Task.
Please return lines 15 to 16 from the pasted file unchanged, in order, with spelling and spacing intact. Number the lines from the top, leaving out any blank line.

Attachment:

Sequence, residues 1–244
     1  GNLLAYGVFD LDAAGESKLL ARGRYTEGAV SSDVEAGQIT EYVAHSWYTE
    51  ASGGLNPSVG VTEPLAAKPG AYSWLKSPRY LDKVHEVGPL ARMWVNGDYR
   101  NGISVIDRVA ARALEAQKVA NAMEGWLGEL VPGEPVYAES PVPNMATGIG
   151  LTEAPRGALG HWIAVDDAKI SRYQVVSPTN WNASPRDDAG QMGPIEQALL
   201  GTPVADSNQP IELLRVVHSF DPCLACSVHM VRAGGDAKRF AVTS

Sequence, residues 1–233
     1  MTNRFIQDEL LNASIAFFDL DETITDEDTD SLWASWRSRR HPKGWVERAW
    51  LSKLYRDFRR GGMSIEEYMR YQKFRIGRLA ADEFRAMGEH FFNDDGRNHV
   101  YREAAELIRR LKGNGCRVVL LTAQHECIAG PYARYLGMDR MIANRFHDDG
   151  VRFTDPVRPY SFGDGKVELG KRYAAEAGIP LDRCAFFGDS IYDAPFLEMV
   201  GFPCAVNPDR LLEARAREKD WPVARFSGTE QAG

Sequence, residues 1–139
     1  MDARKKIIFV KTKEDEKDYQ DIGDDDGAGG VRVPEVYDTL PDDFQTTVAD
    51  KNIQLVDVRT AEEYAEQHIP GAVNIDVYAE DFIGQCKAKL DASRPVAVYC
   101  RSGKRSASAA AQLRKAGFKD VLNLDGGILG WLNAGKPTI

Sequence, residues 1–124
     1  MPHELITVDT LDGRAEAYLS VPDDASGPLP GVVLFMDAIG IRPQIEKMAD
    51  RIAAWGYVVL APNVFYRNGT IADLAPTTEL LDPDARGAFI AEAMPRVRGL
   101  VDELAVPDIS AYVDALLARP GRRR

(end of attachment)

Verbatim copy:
    51  KNIQLVDVRT AEEYAEQHIP GAVNIDVYAE DFIGQCKAKL DASRPVAVYC
   101  RSGKRSASAA AQLRKAGFKD VLNLDGGILG WLNAGKPTI